Daily Market Update – July 22, 2015 (Close)
More earnings came after yesterday’s closing bell and they continued the shift of the path of the first full week of earnings. That shift began before yesterday’s open.
While yesterday was another in a series of days in which the DJIA was lagging behind the S&P 500 and the NASDAQ 100, due in part to some large moves in DJIA components and a streak of forward moves by a very small handful of NASDAQ components, this morning, as we got ready to begin, the shoe was clearly on the other foot.
This time, the dual disappointments from Microsoft and Apple added a double dose of earnings disappointment to the NASDAQ, which is based on market capitalization, as opposed to the DJIA, which is based on share price.
That share price is one of the reasons, maybe the only real reason that Apple had to split 7 to 1. Had it not done so, this morning’s $9.50 decline in the futures trading would have detracted about 420 points from the DJIA, instead of the paltry 60 points.
Microsoft, on the other hand, despite being only half as much as Apple on a percentage basis, was costing the DJIA only about 10 points during the pre-opening trading.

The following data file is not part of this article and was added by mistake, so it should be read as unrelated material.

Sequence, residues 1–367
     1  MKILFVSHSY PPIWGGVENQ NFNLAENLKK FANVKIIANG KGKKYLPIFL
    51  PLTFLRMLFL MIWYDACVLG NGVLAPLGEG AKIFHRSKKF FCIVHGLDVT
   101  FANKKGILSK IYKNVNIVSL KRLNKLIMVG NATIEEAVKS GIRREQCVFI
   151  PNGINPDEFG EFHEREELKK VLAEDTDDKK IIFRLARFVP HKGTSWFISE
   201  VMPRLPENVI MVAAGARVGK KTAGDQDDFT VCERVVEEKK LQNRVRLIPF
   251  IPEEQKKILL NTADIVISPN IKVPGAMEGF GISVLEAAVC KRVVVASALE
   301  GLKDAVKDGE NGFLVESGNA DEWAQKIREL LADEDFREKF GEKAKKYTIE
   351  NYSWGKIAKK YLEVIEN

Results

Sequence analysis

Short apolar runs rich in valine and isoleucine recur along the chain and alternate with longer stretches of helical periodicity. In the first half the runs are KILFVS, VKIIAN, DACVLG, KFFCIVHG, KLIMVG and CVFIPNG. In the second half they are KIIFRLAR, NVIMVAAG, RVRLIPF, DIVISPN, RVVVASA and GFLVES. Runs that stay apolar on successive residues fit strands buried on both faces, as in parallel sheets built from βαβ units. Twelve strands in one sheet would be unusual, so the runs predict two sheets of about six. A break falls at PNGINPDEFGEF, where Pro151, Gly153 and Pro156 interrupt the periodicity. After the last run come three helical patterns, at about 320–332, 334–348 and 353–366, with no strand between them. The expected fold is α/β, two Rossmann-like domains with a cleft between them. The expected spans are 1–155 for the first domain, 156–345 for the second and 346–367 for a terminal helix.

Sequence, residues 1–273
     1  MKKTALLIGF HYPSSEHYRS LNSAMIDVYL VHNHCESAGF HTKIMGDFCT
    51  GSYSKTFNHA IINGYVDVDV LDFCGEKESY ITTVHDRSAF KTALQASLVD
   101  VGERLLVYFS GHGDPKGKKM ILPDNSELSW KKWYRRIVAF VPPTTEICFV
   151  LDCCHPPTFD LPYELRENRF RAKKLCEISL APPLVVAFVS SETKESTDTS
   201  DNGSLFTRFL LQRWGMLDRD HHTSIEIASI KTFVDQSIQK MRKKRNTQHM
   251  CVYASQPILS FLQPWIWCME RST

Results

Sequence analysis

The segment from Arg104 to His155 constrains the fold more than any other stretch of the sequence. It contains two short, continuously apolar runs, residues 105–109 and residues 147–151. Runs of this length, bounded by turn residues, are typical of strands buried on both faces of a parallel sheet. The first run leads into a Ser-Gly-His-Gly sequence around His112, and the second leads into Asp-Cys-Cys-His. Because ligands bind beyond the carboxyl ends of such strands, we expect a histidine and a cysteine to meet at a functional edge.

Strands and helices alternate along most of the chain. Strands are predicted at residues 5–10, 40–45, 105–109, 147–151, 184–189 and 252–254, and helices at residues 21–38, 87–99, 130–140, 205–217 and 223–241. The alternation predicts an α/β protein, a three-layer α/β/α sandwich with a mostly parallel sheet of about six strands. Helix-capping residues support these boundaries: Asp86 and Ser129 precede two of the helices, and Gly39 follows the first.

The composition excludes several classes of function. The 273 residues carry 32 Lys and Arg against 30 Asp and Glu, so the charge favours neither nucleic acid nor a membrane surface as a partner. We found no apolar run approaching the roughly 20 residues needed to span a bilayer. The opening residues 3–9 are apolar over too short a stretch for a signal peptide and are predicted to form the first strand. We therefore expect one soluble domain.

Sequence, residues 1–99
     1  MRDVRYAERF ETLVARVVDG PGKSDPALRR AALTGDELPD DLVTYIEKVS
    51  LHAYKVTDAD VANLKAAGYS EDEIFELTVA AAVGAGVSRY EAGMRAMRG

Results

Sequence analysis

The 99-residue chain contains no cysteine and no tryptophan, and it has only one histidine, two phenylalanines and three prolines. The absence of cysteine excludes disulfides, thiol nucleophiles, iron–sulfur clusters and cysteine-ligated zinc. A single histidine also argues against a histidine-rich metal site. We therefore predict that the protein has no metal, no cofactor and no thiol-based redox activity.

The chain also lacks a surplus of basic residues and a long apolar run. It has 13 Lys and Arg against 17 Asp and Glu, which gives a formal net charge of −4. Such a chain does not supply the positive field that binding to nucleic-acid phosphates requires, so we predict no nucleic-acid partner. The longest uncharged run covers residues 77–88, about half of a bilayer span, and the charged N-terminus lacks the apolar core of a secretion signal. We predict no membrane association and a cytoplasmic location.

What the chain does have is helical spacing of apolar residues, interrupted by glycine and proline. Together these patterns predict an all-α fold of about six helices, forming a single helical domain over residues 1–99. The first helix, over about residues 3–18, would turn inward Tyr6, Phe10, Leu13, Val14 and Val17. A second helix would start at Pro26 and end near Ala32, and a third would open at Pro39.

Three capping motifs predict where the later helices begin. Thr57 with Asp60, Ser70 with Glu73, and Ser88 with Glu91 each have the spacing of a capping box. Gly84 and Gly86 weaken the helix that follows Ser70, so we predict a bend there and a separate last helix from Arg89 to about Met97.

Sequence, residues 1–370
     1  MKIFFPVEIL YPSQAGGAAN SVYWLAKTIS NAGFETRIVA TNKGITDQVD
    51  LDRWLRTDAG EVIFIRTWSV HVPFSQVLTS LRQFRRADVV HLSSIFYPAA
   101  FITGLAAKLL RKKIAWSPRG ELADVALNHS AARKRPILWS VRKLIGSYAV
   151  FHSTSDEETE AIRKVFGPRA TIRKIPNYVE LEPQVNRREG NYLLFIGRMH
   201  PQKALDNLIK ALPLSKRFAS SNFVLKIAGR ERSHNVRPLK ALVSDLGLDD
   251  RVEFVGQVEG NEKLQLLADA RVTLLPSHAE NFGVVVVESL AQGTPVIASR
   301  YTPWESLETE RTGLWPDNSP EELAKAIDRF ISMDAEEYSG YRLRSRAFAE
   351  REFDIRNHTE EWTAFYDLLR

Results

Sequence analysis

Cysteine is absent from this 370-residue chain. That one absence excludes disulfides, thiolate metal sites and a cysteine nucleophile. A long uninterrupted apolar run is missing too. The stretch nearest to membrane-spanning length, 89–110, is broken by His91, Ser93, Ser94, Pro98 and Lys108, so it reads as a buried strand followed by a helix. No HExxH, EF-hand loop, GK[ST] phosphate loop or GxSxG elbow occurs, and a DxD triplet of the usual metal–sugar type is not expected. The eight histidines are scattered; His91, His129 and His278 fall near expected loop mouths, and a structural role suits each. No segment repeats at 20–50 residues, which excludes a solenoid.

On the other hand, the combined market capitalization of Apple and Microsoft was over $1.1 Trillion before this morning’s prices settle.
At that moment, before the opening bell was to rings, as a result of that one – two punch, the DJIA was down about 0.2%, the S&P 500 was down about 0.4% and the NASDAQ 100 was down 1.1%.
When it was all over Apple contributed about 35 points of the DJIA’s 68 point loss, while Microsoft accounted for about 11 points of that loss.
That’s a complete reversal of the picture as the market had been moving higher, but sooner or later that’s the way most things go. Whatever goes up goes down and whatever lags, tends to catch up in relative terms.
While the earnings reports after yesterday’s close were disappointing, it really remained to be seen what kind of an impact the most recent reports would have on today’s market. Yesterday’s early disappointments took their real toll on the DJIA, but there was enough pain to spread around as the broader market got progressively weaker as the morning went on.
What was also noticeable yesterday was the large hits taken by some lesser known stocks when reporting earnings disappointments. Even announcing the plans to cut jobs, normally something that offsets some of the price declines associated with disappointing earnings, did little, if anything to stem the decline in Lexmark, for example.
With a little bit of cash still in hand, I don’t think that I’ll be likely to spend any more for the remainder of the week unless there’s some significant weakness to capitalize on, such as in Lexmark, maybe.
With still lots more earnings yet to be reported, there’s a need to erase the disappointments from yesterday and a need to paint a picture that’s consistent with an expanding economy.
Of course, that would re-introduce fears of an interest rate increase, but most are beginning to accept the likelihood that a rate increase will become reality by September.